• Ways to Give
  • Job Opportunities
  • Patient Portal
Decrease (-) Restore Default Increase (+)
Print    Email
Search Health Information   

Postherpetic neuralgia

Definition

Postherpetic neuralgia is pain in the area where a shingles infection once occurred. The pain may last for months or years.

Causes, incidence, and risk factors

Postherpetic neuralgia occurs when the nerves have been damaged after an outbreak of shingles. Shingles is caused by the varicella zoster virus, the same virus that causes chickenpox.

Postherpetic neuralgia is more likely to occur in people over age 60.

Symptoms

The main symptom is pain in the area where shingles once occurred. The pain can range from mild to very severe. It lasts for months, sometimes years, after the original shingles infection.

Treatment

Anticonvulsant drugs, usually used for seizures, may help with the pain of damaged nerves. Gabapentin and pregabalin are the ones most commonly used to treat postherpetic neuralgia.

Skin patches with lidocaine (a numbing medicine) may also be prescribed to relieve some of the pain for a period of time.

Pain medications are often needed. Sometimes acetaminophen or NSAIDs such as ibuprofen are enough. Many patients will need stronger, prescription drugs such as codeine, hydrocodone, oxycodone.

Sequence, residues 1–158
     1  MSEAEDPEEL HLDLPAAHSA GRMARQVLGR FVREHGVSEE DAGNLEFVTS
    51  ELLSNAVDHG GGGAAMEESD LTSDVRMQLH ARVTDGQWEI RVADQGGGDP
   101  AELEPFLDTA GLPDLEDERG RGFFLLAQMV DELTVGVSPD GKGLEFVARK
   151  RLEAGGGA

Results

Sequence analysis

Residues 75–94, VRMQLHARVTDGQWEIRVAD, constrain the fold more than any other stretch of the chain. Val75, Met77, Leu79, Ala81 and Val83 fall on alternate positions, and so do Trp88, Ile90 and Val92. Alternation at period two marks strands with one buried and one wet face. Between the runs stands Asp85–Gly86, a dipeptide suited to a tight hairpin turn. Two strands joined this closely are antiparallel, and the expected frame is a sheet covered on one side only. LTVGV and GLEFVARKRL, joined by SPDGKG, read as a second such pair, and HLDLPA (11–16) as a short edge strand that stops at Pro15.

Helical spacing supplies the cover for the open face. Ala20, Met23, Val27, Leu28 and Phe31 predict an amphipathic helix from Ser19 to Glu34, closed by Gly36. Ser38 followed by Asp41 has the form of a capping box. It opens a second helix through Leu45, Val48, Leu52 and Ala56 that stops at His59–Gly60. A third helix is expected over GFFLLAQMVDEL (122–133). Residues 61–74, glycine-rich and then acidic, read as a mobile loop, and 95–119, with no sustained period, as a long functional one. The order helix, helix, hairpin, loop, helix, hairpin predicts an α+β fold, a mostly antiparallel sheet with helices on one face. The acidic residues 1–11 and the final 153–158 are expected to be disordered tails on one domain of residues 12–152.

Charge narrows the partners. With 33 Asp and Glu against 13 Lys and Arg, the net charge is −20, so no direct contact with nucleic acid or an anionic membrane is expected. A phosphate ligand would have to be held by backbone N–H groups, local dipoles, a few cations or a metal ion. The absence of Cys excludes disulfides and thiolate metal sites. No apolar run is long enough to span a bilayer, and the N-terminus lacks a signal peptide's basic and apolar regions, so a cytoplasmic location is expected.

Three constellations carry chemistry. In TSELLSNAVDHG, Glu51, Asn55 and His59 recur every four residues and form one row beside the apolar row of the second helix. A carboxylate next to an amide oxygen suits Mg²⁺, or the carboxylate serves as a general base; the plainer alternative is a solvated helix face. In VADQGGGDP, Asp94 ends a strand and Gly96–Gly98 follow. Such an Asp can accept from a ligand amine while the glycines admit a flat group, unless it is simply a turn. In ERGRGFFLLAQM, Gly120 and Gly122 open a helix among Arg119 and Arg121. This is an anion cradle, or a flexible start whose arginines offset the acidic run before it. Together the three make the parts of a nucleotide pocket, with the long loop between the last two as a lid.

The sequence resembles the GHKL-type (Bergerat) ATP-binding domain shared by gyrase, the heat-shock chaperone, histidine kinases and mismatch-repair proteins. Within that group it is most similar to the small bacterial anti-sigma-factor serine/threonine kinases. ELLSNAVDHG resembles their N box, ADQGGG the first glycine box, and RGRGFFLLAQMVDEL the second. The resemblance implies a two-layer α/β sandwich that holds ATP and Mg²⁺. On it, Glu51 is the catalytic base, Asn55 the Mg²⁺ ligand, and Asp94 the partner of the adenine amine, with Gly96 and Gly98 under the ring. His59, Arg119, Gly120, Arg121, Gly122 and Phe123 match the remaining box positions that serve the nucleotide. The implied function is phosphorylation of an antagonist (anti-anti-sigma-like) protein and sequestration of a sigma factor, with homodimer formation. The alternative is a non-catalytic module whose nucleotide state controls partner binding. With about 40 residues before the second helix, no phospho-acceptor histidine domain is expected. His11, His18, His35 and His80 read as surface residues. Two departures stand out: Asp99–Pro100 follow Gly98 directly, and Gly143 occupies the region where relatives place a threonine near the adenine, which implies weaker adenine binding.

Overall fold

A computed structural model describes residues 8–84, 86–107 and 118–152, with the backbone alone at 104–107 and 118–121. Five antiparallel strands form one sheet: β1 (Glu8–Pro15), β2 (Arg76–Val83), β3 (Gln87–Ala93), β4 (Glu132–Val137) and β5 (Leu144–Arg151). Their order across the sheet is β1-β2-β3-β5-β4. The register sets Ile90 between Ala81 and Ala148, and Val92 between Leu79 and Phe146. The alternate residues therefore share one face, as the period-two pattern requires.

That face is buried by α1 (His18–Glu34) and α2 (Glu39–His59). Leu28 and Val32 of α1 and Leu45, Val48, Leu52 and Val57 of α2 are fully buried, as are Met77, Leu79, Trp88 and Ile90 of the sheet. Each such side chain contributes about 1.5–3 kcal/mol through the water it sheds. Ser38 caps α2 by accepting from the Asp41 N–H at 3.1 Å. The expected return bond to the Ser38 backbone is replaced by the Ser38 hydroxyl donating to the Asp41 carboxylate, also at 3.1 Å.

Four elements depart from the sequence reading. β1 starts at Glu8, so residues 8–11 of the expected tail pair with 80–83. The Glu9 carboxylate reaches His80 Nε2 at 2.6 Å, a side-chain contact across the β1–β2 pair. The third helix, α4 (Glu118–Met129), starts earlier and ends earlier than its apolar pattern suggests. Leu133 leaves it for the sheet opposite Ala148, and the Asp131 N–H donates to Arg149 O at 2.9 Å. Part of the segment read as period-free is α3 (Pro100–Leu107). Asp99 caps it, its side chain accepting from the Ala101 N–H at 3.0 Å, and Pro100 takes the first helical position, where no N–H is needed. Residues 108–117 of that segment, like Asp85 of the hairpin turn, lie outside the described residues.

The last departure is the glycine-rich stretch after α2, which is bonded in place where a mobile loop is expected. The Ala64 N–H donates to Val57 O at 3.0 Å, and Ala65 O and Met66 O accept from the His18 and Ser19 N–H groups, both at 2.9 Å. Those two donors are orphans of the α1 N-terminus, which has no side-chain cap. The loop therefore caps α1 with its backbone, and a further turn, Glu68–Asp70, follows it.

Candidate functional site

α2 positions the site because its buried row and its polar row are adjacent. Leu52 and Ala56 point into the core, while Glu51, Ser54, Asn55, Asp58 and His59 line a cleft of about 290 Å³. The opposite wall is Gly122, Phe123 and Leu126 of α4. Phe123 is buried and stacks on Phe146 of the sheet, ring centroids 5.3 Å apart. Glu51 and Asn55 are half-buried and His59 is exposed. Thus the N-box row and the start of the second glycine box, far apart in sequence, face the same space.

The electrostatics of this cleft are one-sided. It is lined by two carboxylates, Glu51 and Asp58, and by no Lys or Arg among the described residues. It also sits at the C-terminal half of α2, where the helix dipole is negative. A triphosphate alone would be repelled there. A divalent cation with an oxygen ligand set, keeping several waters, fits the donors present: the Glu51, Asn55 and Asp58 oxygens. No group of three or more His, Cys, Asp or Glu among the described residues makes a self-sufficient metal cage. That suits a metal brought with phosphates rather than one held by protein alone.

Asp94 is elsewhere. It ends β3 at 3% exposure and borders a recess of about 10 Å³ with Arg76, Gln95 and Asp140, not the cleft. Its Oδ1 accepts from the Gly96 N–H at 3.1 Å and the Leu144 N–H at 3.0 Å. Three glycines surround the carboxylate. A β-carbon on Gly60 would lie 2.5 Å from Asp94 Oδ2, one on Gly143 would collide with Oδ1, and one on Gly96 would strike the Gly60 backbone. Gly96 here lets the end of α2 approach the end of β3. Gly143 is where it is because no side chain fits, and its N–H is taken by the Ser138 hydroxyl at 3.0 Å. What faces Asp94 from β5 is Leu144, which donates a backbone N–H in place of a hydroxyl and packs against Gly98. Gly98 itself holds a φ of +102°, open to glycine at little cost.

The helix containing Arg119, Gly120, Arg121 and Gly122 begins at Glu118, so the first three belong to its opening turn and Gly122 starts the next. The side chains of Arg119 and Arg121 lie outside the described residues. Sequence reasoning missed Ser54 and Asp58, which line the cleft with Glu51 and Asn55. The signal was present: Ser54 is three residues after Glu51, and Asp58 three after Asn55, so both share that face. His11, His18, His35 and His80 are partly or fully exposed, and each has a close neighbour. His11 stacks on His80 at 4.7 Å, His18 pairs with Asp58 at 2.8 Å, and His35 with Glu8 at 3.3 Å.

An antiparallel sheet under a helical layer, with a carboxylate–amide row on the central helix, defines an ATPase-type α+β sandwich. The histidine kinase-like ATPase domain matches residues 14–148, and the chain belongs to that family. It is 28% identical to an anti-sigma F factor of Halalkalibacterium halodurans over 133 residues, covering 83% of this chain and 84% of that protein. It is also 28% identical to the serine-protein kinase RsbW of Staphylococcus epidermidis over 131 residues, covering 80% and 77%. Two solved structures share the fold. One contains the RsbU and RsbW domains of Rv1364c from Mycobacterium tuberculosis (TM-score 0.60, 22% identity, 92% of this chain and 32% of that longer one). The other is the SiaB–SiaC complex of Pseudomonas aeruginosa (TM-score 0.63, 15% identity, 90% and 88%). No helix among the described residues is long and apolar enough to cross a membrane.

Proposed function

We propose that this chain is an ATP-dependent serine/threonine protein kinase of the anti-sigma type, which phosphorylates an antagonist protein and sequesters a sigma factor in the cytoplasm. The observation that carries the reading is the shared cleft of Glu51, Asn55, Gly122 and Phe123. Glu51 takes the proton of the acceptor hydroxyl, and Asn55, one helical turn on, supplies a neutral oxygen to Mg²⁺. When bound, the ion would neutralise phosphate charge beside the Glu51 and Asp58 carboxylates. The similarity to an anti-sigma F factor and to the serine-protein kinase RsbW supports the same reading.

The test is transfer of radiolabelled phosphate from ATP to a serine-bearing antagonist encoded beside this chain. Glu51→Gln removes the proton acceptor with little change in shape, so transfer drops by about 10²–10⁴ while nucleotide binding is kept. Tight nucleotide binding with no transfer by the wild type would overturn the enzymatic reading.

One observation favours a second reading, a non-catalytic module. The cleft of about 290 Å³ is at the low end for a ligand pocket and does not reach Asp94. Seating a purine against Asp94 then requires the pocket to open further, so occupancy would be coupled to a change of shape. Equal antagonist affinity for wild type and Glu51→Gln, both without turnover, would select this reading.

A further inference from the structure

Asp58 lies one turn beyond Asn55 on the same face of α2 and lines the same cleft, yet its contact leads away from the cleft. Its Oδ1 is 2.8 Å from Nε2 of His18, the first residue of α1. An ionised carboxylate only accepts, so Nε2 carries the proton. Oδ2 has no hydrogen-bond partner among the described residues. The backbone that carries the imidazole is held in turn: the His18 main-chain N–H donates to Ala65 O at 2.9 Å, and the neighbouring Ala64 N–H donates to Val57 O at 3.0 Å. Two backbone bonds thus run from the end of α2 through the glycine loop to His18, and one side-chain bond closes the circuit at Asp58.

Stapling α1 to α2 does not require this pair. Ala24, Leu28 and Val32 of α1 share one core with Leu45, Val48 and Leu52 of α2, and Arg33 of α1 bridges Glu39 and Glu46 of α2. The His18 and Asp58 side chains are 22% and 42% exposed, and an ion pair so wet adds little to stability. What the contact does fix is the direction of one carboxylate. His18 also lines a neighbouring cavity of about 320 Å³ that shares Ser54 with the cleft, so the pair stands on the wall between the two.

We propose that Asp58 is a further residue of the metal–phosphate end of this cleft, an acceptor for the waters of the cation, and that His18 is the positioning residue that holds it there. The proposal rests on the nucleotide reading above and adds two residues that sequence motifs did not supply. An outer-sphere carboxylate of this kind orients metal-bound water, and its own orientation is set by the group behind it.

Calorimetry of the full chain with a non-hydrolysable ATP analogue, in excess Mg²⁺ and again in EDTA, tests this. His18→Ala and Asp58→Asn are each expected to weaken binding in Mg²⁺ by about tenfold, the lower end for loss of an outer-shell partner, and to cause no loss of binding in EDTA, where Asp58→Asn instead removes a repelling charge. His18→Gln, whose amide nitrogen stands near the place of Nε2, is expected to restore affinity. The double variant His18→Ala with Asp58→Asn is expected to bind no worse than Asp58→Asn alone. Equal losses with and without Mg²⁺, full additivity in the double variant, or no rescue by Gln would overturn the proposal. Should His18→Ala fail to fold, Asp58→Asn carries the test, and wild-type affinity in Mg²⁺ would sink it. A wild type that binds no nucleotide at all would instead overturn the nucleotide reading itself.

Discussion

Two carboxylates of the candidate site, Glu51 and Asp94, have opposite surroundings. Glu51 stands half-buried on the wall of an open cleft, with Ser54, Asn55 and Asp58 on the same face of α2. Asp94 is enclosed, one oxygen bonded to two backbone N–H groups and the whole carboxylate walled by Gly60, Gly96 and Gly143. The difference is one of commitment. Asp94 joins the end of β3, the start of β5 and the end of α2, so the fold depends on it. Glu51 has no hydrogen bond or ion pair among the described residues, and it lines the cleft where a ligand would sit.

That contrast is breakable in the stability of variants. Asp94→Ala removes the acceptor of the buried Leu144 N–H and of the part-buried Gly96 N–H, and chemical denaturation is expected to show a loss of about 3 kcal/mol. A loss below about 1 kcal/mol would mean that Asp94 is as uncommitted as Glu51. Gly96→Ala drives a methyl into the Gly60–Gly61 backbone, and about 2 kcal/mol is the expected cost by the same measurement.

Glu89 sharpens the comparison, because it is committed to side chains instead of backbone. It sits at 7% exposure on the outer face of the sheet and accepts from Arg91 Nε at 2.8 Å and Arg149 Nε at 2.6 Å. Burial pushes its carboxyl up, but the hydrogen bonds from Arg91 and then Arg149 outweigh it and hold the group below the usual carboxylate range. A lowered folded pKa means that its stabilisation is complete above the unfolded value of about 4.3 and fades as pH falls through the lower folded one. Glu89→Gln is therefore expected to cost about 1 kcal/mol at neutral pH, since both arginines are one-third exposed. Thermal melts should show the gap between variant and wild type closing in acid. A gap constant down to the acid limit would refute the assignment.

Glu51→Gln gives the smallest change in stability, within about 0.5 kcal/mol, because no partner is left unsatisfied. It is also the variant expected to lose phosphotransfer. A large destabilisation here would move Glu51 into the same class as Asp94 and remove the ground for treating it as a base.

Drugs used to treat depression (antidepressants) may also help reduce pain, as well as help with sleep.

Electrical nerve stimulators may be used for severe, long-term cases of postherpetic neuralgia.

Consultation with a pain specialist may be necessary in some cases.

References

Sampathkumar P, Drage LA, Martin DP. Herpes zoster (shingles) and postherpetic neuralgia. Mayo Clin Proc. 2009 Mar;84(3):274-80. Review.


Review Date: 6/10/2009
Reviewed By: Reviewed by Jatin M. Vyas, MD, PhD, Assistant Professor in Medicine, Harvard Medical School, Assistant in Medicine, Division of Infectious Disease, Department of Medicine, Massachusetts General Hospital. Also reviewed by David Zieve, MD, MHA, Medical Director, A.D.A.M., Inc.
The information provided herein should not be used during any medical emergency or for the diagnosis or treatment of any medical condition. A licensed medical professional should be consulted for diagnosis and treatment of any and all medical conditions. Call 911 for all medical emergencies. Links to other sites are provided for information only -- they do not constitute endorsements of those other sites. © 1997- A.D.A.M., Inc. Any duplication or distribution of the information contained herein is strictly prohibited.
adam.com
 

Specialty: